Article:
The raven sang
two or three times a sweet melody.
Then she saw us.
She saw me, anyway, and stopped.
We were two artists, moving into the guest house for a two-week residency at Hubbell Trading Post. I heard unfamiliar birdsong and stepped outside to see who it was. A large raven was perched on a wooden electric pole.
It was 5 p.m. in late September, that hour before real dusk when ravens fly in ones and twos all in the same direction, calling. The raven looked down at me.
"Rwork," she said and flew west. But I was sure I had heard something else first.
That raven sang
two or three times a true melody.
I wanted to hear it again.
The same raven (or one like her) often perched on that pole near dusk during our residency. I listened as often as I could but only heard the usual range of raven evening talk, which is interesting in its own right.
Scientists have recorded over 80 distinct sounds made by ravens, though they currently believe an individual raven may use only about 20 of these on a regular basis. Sort of like I only use about 5,000 of maybe 100,000 words of common English.
Ravens have been credited with:
rrronk cluck rattle whine-thunk
caw squawk (low) honk (very rapid) rap-rap-rap
coo (long rasping) caw (nasal) honk cowp-cowp-cowp-uk
kruk (low, soft, murmur/ oo-oo (soft upward inflected) cheow
krrk whisper) km and mm knock (rapid) caulk-caulk-caulk-caulk
nuk cark pruk growl
Eighty distinct sounds—plus unexpected silence. Ravens seldom speak during the breeding season until the babies hatch, and they do not call out when a captive raven is set free.
Individual ravens are known to imitate: Other birds, a train whistle, radio static, a motorcycle being revved, urinals flushing, dogs barking (near and far away) and, in the Olympic National Forest, the sound of avalanche control explosions: "One – two – three – beccccchh." But the closest I found to music in the literature was a story by Jane Kilham, wife and colleague of corvid scientist Lawrence Kilham. She heard wild ravens make sounds "similar to spring water gurgling through a tube, so musical that she found it fascinating to listen to." Perhaps there was hope for me yet.
Then, one night, I saw a PBS Nova program called "A Murder of Crows." The narrator noted that, like ravens, crows have many words, such as different cries for cat, human, and hawk, with different levels of urgency for each. They also have what the narrator called two dialects—one familiar to us and raucous, the other for private family moments which is melodic and sweet. They played 13 seconds of crows murmuring in a nest near the University of Washington, and my heart jumped. Was I getting closer to hearing that music again?
Catherine Feher-Elston tells of a bird she rehabilitated who enjoyed a music box that played "the Neapolitan classic Torno a Sorrento." She lived in northern Arizona for a while, so maybe I had heard her rehabilitated bird at Hubbell, singing an Italian popular tune. But no—Feher-Elston's bird was also a crow. I want to respect differences between these two highly-intelligent species. Because, even within each group, there are wide variations, especially in vocabulary.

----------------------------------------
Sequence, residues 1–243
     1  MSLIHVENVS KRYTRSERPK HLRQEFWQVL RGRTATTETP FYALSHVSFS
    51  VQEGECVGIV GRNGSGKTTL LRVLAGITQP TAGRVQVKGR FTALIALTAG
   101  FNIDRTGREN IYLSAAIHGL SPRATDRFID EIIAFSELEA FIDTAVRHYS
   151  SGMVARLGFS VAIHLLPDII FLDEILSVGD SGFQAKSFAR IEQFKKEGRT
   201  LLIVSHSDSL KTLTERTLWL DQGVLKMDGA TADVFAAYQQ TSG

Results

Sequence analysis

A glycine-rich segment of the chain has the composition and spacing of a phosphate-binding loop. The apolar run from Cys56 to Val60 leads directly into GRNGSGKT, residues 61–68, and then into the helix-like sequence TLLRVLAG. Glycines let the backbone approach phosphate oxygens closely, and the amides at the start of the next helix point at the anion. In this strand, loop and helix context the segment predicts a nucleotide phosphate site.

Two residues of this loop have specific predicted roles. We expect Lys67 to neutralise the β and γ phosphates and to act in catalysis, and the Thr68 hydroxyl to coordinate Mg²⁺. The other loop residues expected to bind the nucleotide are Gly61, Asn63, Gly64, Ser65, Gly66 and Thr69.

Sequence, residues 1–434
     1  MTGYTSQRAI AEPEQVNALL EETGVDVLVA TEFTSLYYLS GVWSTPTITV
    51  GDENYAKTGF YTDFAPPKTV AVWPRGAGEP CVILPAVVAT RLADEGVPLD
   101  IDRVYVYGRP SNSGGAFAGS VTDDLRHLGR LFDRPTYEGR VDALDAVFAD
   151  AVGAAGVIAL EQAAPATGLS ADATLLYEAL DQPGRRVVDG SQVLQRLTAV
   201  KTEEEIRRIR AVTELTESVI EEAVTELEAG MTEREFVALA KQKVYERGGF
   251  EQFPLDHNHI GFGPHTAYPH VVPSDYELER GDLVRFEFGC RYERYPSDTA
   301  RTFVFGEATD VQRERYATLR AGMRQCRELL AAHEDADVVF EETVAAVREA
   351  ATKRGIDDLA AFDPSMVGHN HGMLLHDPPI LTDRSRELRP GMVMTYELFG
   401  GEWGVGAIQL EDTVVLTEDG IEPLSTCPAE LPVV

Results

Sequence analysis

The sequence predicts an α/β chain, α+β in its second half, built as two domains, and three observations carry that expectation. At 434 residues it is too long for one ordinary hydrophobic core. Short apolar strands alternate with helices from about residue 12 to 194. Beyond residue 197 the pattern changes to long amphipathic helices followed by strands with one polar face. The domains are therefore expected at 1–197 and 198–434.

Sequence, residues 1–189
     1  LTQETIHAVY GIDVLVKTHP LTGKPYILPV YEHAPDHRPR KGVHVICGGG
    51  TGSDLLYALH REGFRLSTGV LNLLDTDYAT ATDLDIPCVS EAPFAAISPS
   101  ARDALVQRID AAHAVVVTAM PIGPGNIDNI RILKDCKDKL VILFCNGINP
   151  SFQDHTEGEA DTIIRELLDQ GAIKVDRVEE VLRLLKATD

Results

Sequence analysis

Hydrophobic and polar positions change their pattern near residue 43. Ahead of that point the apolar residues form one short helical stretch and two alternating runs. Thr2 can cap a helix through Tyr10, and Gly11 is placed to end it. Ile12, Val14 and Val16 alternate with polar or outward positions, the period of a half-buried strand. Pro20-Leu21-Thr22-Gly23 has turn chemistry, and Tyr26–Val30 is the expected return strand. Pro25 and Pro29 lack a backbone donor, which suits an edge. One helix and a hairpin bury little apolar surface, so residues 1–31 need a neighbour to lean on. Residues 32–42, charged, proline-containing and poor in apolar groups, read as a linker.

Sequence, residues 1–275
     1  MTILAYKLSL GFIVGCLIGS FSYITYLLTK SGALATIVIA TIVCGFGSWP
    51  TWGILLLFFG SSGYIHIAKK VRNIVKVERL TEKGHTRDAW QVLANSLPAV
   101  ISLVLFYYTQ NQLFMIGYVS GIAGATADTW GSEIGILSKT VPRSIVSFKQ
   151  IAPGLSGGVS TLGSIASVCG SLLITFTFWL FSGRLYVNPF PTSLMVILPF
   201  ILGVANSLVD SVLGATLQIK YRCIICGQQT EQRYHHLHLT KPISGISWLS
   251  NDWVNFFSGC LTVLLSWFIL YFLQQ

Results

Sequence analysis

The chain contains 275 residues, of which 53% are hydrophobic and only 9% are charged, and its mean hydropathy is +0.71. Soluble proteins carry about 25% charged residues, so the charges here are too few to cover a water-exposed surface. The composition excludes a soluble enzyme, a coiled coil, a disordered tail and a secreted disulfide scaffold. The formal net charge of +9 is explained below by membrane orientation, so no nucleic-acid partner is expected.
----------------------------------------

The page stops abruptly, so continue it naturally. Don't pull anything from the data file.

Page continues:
Lawrence Kilham quotes a 1922 observer as saying, "Nearly every raven I met has some note that is distinctive." The Yale team of Marzluff and Angell write that raven literature reports "many unique calls with distinct meanings." And Bernd Heinrich, well-respected author of Mind of the Raven, says, "We know infinitely less about vocal communication in ravens than. . .about the call of a frog, a cricket, or the zebra finch. . . . The more complex and specific a communication system becomes, the more random-sounding and arbitrary it will appear." All of which surely allows for the possibility of music, even in a gravel-voiced songbird, right?
Distinctive notes. Unique calls. "Unique" means one time only. So why do I ask for this raven gift again? To confirm what I know to be true?
As Craig Comstock, a raven-watcher in Maine said, "I understand the need for the scientific method, but there are times when nature speaks just once, and it is a loss not to listen."
I heard a raven
sing melody sweet and true
and I treasure it.
* * *
Have you had a unique experience you would like to share?
With gratitude to the Hubbell Trading Post National Historic Site
Artist-in-Residence Program, Ganado, Arizona.
Catherine Feher-Elston, personal communication.
Bernd Heinrich, Mind of the Raven: Investigations and Adventures with Wolf-Birds
(NY: Cliff Street Books, HarperCollins Publishers, 1999)
Lawrence Kilham, The American Crow and the Common Raven
(College Station, TX: Texas A&M University Press, 1989)
John M. Marzluff and Tony Angell, In the Company of Crows and Ravens
(New Haven, CT: Yale University Press, 2005)
PBS A Murder of Crows, video.pbs.org/video/1621910826
aired 24 October 2010
As a reader, I like essays and novels that are informed by ideas. Annie Dillard. Michael Ondaatje. I am hoping here to join others who feel the same. I look forward to thoughtful conversations!